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NEWS UPDATES Asean Affairs    August 2,  2017  

Senators slam economic managers opposing proposed free tuition bill

Philippines: Authors of the bill granting tuition-free education in all state universities and colleges (SUCs) on Wednesday slammed President Rodrigo Duterte’s economic managers for opposing the proposal.

Senator Francis “Chiz” Escudero, chairman of the Senate education committee, said the budget needed to fund the proposal is only P14 billion, not P100 billion as Budget Secretary Benjamin Diokno claimed.

“Free tuition and other fees in SUCs costs only P14 billion, which is only 0.3 percent of the proposed 2018 GAA,” Escudero said in a text message, citing the proposed P3.767- trillion General Appropriations Act.

Ratified by the Senate and the House of Representatives, the proposal also seeks free tuition in local universities and colleges (LUCs) and technical and vocational institutions (TVI) recognized by the Technical Education and Skills Development Authority (TESDA).

Covering the LUCs and TESDA TVIs would require an additional of P6-billion allocation, Escudero said. Still, he said, that would mean a total of P20 billion or 0.5 percent of the proposed 2018 budget.

“Given that we plan to spend P1.1 trillion on infrastructure capital outlay in the administration's ‘Build, Build, Build’ program, it's a small investment in our human capital resource that will go a long way and which should be part of such a ‘Build’ campaign ... building on our human capital resources and investing in our people,” he said.

Senator Sherwin Gatchalian, a co-author of the bill, said Diokno’s P100-billion figure was “inaccurate and misleading.”

“The numbers being floated by DBM have no basis,” Gatchalian said in a separate text message.

The DBM’s concern can be addressed by creating a budget insertion, which would likely get the support of the majority of senators, the senator said.

"I have said it time and time again: a college education is one of the strongest weapons a person can wield in the fight against the inter-generational evil of poverty,” Gatchalian said.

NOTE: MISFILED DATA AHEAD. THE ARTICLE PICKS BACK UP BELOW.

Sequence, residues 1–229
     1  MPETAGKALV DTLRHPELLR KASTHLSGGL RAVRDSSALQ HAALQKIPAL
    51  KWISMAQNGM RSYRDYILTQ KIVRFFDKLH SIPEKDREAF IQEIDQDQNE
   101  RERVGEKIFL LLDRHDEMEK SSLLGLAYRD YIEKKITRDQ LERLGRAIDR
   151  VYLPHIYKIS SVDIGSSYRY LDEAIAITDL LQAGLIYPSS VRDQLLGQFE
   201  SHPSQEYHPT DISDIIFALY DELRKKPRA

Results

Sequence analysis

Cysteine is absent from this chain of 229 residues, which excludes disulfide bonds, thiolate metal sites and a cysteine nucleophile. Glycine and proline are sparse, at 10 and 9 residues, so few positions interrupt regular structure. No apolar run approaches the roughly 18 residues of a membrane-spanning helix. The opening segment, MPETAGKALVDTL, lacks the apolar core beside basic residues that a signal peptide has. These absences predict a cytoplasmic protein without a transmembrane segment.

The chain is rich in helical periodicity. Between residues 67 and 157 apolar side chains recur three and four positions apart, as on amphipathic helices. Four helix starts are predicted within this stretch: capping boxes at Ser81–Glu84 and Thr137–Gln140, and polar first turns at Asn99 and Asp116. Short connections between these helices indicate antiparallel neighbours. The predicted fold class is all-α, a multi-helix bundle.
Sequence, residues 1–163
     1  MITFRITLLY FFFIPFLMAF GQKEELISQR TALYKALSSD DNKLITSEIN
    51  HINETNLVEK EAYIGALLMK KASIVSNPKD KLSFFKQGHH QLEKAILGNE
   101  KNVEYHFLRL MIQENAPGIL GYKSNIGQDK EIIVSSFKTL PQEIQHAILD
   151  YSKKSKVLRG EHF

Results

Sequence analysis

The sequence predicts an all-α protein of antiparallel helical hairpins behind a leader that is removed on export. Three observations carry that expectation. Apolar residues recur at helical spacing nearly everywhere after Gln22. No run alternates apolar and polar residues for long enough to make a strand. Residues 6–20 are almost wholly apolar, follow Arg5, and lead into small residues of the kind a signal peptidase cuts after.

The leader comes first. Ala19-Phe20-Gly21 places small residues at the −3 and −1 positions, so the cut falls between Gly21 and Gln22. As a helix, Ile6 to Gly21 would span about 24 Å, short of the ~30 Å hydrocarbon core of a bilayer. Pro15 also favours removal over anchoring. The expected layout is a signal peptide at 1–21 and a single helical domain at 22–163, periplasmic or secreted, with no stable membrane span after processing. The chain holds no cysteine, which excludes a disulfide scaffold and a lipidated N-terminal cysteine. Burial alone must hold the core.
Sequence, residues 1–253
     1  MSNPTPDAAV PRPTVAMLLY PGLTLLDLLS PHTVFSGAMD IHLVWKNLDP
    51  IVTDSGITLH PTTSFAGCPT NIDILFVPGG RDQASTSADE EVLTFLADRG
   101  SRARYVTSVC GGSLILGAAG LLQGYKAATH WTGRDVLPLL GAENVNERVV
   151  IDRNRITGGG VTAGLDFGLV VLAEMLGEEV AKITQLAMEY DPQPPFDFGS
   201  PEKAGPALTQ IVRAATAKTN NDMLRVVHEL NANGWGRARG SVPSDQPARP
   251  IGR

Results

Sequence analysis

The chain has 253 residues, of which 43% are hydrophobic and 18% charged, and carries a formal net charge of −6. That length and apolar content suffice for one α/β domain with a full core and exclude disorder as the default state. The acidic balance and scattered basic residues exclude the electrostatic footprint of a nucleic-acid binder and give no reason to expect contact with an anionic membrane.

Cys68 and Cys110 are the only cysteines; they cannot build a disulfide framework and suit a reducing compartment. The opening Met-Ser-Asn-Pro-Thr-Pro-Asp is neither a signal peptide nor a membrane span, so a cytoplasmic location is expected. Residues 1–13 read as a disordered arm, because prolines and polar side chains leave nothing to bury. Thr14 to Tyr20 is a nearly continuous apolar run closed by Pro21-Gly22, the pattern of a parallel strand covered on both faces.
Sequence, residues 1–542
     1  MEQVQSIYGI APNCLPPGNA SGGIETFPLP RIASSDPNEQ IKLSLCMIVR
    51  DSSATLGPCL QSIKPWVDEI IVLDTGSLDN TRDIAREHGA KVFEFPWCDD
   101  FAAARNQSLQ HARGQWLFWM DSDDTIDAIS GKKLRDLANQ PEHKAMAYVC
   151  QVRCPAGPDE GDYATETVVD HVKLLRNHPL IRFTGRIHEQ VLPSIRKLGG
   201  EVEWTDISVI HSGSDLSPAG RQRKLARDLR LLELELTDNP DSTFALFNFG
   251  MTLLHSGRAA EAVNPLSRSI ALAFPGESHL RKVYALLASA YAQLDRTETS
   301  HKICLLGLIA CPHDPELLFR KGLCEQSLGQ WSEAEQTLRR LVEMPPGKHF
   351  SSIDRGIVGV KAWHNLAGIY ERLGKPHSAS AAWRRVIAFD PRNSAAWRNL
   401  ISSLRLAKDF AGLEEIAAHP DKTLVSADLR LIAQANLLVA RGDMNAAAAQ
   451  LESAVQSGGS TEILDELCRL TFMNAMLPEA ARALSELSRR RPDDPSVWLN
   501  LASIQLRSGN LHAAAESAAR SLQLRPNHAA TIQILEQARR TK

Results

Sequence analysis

“I urge the Duterte administration to take this maxim to heart by devoting more resources to expanding access to educational opportunities at the tertiary level," he added.

For his part, Senator JV Ejercito said Duterte’s economic managers should treat education as “investment” rather than expense.

“If the government can spend P70-bllion a year for Conditional Cash Transfer, which is a dole out, why can't we spend ... for higher education? I would rather invest for higher education since this is the best way out of poverty and not through dole outs,” Ejercito said in another statement.

The proposed measure was submitted for Duterte’s signature on July 5. It will lapse into law on August 5 if the President fails to act on it.

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This year in Thailand-what next?

AseanAffairs   04 January 2011
By David Swartzentruber      

It is commonplace in journalism to write two types of articles at the transition point between the year that has passed and the New Year. As this writer qualifies as an “old hand” in observing Thailand with a track record dating back 14 years, it is time take a shot at what may unfold in Thailand in 2011.

The first issue that can’t be answered is the health of Thailand’s beloved King Bhumibol, who is now 83 years old. He is the world's longest reigning monarch, but elaborate birthday celebrations in December failed to mask concern over his health. More






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